Illinois' top law enforcement official is warning residents impacted by the recent storms: Be on the lookout for scammers. Attorney General Lisa Madigan wants residents to be alert for home repair con artists who exploit homes and businesses following natural disasters. Madigan says the con men will often swoop in following disasters and pressure homeowners and businesses to pay for expensive services. Some quick tips to avoid being ripped off:
Be wary of contractors who go door to door to offer repair services. Ask for recommendations from people you know and trust and, whenever possible, use established local contractors.
Call the Attorney General’s Consumer Fraud Hotline to check out a contractor and to learn if any complaints have been filed against a particular business.
Even if there is a need to act quickly, shop around for the best deal. Get written estimates from multiple contractors, and don’t be rushed into a deal.
Get all of the terms of a contract in writing, and obtain a copy of the signed contract.
Never make full payment until all the work has been completed to your satisfaction.
Never pay in cash.
Be aware that you have the right to cancel a contract within three business days if you signed it based on the contractor’s visit to your home.
In the case of disaster repair, you have an additional right to cancel. If your insurance carrier denies coverage, you have the right to cancel the contract within five days of when your insurance carrier denies your coverage.
Ask to see required state and local permits and licenses. Insurance adjusters and roofers must be licensed by state agencies. If the contractor does not have a required license, or if the name on the license doesn’t match the name on the contractor’s business card or truck, that should raise a red flag.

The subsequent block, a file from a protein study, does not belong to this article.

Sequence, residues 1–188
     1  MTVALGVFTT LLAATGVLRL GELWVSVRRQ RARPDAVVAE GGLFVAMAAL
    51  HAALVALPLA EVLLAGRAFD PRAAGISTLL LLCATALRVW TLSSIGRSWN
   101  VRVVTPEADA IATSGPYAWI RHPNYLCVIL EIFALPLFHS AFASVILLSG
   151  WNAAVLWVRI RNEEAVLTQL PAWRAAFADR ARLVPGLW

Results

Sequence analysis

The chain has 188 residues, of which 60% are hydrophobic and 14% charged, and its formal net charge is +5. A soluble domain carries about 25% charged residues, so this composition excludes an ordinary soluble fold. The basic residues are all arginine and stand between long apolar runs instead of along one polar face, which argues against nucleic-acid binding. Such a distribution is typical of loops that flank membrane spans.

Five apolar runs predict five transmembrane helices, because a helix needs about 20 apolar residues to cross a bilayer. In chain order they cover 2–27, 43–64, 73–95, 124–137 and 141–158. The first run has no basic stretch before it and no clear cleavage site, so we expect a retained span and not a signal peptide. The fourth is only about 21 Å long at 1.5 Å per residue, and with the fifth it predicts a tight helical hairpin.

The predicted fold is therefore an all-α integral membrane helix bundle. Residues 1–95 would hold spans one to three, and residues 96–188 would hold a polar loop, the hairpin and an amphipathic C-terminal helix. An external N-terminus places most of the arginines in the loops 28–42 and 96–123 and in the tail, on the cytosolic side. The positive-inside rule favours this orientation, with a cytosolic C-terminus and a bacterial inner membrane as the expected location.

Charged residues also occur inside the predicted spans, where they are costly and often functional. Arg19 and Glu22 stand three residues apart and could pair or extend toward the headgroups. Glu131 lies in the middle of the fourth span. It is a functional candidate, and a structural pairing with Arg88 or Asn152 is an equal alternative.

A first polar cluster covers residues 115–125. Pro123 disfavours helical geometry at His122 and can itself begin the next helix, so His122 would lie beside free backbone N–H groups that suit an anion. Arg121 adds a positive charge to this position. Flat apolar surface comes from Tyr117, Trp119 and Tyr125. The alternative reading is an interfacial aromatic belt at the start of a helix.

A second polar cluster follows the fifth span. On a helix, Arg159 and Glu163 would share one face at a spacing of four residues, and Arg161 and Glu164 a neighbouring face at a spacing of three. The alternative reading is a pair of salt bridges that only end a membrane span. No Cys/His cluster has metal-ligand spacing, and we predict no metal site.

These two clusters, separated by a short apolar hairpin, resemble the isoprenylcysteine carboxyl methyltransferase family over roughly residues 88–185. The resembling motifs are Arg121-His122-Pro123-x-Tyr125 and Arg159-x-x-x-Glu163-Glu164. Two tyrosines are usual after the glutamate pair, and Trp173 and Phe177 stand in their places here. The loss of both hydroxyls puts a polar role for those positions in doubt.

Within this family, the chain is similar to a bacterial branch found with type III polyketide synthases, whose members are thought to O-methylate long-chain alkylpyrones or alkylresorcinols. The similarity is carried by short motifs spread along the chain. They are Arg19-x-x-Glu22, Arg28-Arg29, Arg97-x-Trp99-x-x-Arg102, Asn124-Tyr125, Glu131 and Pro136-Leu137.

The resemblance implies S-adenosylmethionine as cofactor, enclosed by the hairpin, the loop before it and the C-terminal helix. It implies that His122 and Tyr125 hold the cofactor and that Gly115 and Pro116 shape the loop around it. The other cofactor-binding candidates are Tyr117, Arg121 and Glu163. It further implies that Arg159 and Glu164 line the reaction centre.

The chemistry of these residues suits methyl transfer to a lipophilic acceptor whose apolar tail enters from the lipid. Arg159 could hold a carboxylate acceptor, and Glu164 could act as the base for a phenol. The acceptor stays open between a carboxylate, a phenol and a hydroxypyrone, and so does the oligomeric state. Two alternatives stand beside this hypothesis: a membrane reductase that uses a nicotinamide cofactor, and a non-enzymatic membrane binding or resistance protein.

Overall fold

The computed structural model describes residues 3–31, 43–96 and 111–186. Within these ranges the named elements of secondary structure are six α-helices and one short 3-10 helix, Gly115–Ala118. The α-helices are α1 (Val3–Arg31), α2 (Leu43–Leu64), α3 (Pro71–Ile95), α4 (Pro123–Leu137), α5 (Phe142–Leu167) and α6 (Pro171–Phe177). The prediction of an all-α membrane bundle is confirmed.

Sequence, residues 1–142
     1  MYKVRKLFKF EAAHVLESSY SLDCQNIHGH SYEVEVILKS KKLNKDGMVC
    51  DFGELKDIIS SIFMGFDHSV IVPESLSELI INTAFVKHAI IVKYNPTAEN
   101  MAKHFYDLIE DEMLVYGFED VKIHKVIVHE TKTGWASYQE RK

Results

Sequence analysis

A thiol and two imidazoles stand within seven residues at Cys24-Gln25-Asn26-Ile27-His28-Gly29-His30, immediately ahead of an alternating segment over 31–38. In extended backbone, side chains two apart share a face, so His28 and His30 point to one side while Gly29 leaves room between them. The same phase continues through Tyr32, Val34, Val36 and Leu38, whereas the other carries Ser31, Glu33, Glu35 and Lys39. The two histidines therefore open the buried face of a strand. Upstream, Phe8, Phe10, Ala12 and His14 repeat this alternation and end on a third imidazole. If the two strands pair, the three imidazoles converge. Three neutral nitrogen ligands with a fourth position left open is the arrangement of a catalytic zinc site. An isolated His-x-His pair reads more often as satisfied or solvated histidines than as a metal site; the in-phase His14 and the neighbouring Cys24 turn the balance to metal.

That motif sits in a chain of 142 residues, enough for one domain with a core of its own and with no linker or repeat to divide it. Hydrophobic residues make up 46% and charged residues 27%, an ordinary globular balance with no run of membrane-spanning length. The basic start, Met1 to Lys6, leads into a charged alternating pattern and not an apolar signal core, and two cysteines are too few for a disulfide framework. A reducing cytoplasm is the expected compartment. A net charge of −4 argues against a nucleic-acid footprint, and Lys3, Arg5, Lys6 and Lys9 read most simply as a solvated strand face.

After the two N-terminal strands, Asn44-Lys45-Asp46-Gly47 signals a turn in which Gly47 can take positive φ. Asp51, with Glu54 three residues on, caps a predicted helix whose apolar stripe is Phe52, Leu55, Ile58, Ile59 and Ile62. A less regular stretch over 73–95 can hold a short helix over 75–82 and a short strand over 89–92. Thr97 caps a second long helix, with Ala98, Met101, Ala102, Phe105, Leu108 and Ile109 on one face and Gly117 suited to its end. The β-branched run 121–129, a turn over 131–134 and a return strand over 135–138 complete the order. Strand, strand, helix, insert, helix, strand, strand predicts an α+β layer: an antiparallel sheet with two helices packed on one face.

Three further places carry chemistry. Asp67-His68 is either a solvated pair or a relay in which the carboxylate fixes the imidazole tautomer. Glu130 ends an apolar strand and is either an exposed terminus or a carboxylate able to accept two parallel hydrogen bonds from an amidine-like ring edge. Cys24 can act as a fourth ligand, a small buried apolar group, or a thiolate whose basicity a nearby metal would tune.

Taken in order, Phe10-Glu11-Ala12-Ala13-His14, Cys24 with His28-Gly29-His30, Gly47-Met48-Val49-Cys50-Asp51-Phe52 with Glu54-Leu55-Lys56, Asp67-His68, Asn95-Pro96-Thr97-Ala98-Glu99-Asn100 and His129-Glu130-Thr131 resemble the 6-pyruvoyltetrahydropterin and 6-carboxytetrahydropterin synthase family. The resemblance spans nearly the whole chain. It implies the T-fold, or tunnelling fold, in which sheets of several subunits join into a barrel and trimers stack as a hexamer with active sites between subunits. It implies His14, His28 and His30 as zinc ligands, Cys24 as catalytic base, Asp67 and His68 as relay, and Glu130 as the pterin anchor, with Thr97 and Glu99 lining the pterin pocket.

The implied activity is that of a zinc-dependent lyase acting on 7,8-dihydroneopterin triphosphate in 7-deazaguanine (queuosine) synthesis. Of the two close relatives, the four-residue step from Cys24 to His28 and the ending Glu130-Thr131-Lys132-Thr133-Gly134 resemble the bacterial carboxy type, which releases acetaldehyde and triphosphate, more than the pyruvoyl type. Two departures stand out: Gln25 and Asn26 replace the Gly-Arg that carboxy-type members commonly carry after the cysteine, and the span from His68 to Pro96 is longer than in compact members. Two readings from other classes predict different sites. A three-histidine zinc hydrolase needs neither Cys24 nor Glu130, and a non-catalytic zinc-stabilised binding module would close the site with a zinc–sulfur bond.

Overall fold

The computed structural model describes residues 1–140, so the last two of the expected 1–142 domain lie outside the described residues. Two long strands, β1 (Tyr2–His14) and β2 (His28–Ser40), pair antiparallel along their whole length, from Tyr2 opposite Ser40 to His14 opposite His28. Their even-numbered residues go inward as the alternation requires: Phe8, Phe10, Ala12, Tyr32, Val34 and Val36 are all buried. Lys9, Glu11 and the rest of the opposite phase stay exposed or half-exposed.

Now that it is complete, developers hope the project will soon be up in the air.
Saint Louis University’s first spacecraft that has been designed, built, tested and operated by students at Parks College of Engineering, Aviation and Technology, is tentatively scheduled for launch today (Tuesday) from the Mid-Atlantic Regional Spaceport in Virginia.
The Air Force Research Laboratory and NASA Missouri Space Grant funded the project development and the launch of COPPER is sponsored by NASA.
COPPER's mission is to test the effectiveness of a commercial infrared camera for in-space navigation and object detection, as well as observing the Earth in the infrared spectrum.
Parks College students will operate COPPER for 12 months from a radio control station in McDonnell-Douglas Hall on the SLU campus.
The spacecraft will naturally fall from orbit in about four years. More than 50 undergraduate and graduate students worked to create COPPER over the past three years.
There's good news for Missouri's unemployment numbers. According to the Missouri Department of Economic Development, the unemployment rate fell sharply in both September and October. The unemployment rate was 6.9 percent in September and 6.5 percent in October, which is the lowest unemployment rate since 2008. This is the 50th consecutive month that Missouri's unemployment rate was lower than the national average. In September, the trade, transportation and utilities sectors showed the most growth, while October saw growth in professional, scientific, and technical services.
Illinois Governor Pat Quinn added six counties to the state's list of disaster areas following violent storms and tornadoes on Sunday.
The declaration increases the number of counties needing state and federal funds to 13. The National Weather Service has issued a preliminary finding that 11 tornadoes ripped through the state, with at least two designated as EF-4's.
The state disaster declaration makes available a wide variety of state resources that can help affected communities respond and recover from the storms.
Volunteer efforts are also well underway to assist the victims. Those who wish to volunteer should NOT go to the disaster scene, but rather, visit Ready.illinois.gov for information on specific sites that can utilize volunteers.